For our teenage guests there are numerous opportunities for those who prefer a more active holiday. As mentioned in the ‘Activities for Families and Children’ section, there is a large choice of rope climbing and zip and aerial activity centres all around our location. Equally there is a wide choice of horse riding, available for all levels from the complete novice to the experienced rider. Canoe and kayak centres are everywhere and the distance rowed can be as short or as long as you wish. There are some very challenging mountain bike trails and at Sarlat there is the voie verte, the old railway line converted into ‘the green path’, an easier ride but 24 kms long (of course you can stop and turn around whenever you want!). If you haven’’t managed to pack your bike there are many bike hire centres. There is a local gym for those who don’t want to miss out on their regular workouts. Equally, there are opportunities for paint balling, quad biking and go karting.
Where many teenagers may dismiss going to a village fair or a market please read the section on ‘Markets and Festivals’ as I think they may well be pleasantly surprised!
If you are lucky enough to be here for music night, always celebrated on 21st June, every town will be bustling with people moving from one live band to the next. All styles of music are celebrated and there is no entrance or performance fee. The towns will be closed off to traffic and restaurants and cafés will take advantage of being able to spill out onto the roads to accommodate the crowds, With the sound of laughter, lively chatter and music drifting on the air, the atmosphere gives a vibrant and exciting feel to the usual tranquille setting of our medieval towns. On a balmy night this really is a special evening.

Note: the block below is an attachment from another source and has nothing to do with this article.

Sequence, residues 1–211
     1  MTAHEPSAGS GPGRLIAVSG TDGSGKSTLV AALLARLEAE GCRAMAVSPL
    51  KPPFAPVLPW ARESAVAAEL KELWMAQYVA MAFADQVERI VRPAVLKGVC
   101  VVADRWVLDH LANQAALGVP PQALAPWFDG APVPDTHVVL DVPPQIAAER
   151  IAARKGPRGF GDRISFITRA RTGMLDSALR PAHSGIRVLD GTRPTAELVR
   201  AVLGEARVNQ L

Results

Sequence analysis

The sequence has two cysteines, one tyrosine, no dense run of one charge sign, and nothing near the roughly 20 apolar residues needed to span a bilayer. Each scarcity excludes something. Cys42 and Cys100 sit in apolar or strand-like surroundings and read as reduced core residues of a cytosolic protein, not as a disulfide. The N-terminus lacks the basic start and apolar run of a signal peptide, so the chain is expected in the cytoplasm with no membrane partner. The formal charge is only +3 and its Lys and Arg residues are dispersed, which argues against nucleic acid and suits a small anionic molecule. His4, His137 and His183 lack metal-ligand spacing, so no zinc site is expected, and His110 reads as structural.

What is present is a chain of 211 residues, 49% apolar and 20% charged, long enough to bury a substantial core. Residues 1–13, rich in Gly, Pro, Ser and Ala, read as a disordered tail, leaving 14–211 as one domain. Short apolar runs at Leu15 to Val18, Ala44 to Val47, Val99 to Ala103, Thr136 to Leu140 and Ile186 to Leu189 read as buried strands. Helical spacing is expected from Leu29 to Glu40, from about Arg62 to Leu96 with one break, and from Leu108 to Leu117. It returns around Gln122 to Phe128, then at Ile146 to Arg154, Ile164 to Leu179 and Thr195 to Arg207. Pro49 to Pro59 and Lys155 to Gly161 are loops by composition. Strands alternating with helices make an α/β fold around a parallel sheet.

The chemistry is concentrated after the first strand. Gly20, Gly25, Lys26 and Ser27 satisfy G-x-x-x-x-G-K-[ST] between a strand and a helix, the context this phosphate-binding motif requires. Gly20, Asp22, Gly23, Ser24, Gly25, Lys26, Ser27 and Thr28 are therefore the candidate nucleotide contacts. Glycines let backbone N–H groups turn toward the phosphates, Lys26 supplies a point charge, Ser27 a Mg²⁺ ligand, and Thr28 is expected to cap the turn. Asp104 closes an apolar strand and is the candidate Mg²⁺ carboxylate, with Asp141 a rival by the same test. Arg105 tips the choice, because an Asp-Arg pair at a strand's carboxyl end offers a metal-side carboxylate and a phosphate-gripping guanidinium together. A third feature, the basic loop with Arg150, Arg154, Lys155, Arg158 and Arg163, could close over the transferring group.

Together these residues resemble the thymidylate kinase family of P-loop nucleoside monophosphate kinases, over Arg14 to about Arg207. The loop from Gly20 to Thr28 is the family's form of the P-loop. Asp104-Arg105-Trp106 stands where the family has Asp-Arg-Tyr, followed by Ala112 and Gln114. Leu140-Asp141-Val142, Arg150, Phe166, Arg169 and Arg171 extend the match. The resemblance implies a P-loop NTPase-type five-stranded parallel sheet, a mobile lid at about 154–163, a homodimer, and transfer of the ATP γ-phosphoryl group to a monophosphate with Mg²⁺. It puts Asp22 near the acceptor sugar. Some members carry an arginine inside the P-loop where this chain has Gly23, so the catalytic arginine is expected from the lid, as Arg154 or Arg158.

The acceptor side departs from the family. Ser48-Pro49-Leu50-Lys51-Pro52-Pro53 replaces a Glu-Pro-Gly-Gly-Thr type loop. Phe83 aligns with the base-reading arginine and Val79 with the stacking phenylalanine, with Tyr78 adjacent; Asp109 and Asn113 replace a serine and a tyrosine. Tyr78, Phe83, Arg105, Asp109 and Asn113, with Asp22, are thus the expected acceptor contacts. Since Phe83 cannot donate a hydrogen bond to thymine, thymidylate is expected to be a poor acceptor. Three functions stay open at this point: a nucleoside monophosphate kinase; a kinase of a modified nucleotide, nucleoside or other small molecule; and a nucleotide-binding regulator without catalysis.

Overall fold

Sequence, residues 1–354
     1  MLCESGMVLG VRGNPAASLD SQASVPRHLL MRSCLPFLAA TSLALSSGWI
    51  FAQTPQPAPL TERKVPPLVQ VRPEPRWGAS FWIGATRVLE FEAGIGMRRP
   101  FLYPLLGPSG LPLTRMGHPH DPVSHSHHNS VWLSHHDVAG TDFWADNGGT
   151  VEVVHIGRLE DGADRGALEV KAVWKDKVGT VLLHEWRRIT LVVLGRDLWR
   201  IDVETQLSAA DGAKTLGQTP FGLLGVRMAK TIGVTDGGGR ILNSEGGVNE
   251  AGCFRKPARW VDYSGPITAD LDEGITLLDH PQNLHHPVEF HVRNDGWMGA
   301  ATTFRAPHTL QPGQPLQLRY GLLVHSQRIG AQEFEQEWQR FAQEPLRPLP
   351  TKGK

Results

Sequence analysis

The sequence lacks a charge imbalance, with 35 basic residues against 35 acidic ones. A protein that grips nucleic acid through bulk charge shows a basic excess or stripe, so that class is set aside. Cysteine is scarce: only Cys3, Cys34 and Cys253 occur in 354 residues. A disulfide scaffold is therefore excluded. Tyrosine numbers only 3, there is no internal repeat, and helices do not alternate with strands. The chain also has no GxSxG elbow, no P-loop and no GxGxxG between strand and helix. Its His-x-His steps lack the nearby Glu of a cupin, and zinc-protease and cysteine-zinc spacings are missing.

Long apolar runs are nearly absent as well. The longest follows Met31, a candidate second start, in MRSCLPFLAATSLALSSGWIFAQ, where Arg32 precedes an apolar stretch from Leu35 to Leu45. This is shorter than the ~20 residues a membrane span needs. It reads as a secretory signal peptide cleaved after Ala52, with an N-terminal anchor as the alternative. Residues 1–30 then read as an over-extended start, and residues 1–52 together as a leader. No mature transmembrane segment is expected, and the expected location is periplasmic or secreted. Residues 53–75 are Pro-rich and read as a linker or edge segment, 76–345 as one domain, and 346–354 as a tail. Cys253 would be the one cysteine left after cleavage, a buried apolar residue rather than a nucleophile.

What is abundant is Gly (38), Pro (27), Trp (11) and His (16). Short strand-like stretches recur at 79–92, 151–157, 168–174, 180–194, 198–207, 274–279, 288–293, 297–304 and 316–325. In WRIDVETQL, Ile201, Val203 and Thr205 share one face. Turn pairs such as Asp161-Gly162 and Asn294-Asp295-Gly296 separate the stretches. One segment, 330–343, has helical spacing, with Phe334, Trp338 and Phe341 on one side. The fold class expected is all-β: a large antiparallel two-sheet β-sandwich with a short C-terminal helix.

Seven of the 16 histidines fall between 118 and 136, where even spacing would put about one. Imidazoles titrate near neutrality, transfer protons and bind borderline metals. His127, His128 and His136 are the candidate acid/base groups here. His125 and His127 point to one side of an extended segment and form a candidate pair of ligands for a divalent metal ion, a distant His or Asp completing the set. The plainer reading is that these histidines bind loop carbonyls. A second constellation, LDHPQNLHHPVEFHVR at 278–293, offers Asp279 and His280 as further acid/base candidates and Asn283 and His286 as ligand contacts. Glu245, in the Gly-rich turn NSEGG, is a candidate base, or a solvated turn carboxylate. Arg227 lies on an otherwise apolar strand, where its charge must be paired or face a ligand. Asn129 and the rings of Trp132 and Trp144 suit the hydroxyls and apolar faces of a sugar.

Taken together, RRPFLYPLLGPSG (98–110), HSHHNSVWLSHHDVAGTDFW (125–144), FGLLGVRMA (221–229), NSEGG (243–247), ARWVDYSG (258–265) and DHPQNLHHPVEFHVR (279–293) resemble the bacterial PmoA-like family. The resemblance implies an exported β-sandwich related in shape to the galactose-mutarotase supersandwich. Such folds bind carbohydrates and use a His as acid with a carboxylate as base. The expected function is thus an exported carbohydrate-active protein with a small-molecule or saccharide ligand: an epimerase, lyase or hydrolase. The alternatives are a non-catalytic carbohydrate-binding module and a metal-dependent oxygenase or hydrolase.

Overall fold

14th July is Bastille Day and is celebrated everywhere and many towns will have market stalls, street entertainers and music and the evening will be finished off with a truly impressive firework display. All villages have a village fair somewhere between May and the end of August and these are not to be dismissed as the afternoon villlage fête most people are familiar with. They last three days, there will be food stalls and fairground attractions (though these are usually limited to dodgems and small children’s carousels) and each each day will be themed. For example the Friday might be a petanque competition, the Saturday may have a themed market and the Sunday may be a parade. Each evening there will be live music and dancing under the stars and on one of the evenings there will be a meal eaten on mass in the village square. As with Bastille Day, all the village fairs culminate in a pretty good firework display on the last evening.
In July and August all the surrounding villages (including St Geniès) will have a night market once a week. These never fail to please with market stalls and a large choice of food stalls, plus chilled beer and local wines. The atmosphere is convivial and bustling, with everyone sitting at long trestle tables to eat and friendly chatter between locals and tourists irrespective of the language barrier.
In addition to the night markets there are countless regular day markets, too numerous to mention. The smaller markets tend to be food markets. The larger markets all sell local produce, a variety of essential items and bric-a-brac but will also sell clothes, table cloths, hats, jewellery, paintings, the list could go on! Interspersed over the summer there will also be many ‘brocantes’, broadly speaking antique markets but also selling anything second hand.
What can I say? This is the home of foie gras, truffles and walnuts. I couldn’t begin to recommend restaurants as the list is too long. Needless to say, in Sarlat and Montignac you could eat somewhere different every night of your holiday, have a wonderful meal and still leave having only eaten in a fraction of the restaurants. From lunches to five course dinners varying form €10 to €100 the choice is yours. Most restaurants provide set menus of between 3 and 5 courses, starting from €15 to €25 (though of course you will find cheaper and dearer) and à la carte choices.
We are between the wine regions of Bergerac, Bordeaux and St Emilion and each is worthy of a visit if you are interested in following a wine route. All the restaurants stock local wines and if you are looking to sip wine on your terrace, very drinkable wines start at three euros something in the local supermarkets. For more distinguishing connoisseurs there are many local specialist wine shops where you can taste before you buy, still at very reasonable prices.